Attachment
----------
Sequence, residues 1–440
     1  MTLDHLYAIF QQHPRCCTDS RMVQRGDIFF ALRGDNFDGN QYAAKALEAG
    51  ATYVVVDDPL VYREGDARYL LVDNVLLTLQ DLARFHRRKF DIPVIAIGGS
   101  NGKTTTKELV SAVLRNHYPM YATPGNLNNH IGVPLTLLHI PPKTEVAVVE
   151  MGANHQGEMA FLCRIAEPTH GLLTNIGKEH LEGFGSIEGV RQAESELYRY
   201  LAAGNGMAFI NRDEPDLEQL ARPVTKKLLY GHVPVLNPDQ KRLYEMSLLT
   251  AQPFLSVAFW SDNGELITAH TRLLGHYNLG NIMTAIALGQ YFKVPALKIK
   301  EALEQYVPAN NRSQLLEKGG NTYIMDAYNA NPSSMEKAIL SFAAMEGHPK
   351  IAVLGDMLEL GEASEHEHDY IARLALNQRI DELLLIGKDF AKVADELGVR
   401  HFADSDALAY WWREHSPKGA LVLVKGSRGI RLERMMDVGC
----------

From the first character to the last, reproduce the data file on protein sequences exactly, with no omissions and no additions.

Sequence, residues 1–440
     1  MTLDHLYAIF QQHPRCCTDS RMVQRGDIFF ALRGDNFDGN QYAAKALEAG
    51  ATYVVVDDPL VYREGDARYL LVDNVLLTLQ DLARFHRRKF DIPVIAIGGS
   101  NGKTTTKELV SAVLRNHYPM YATPGNLNNH IGVPLTLLHI PPKTEVAVVE
   151  MGANHQGEMA FLCRIAEPTH GLLTNIGKEH LEGFGSIEGV RQAESELYRY
   201  LAAGNGMAFI NRDEPDLEQL ARPVTKKLLY GHVPVLNPDQ KRLYEMSLLT
   251  AQPFLSVAFW SDNGELITAH TRLLGHYNLG NIMTAIALGQ YFKVPALKIK
   301  EALEQYVPAN NRSQLLEKGG NTYIMDAYNA NPSSMEKAIL SFAAMEGHPK
   351  IAVLGDMLEL GEASEHEHDY IARLALNQRI DELLLIGKDF AKVADELGVR
   401  HFADSDALAY WWREHSPKGA LVLVKGSRGI RLERMMDVGC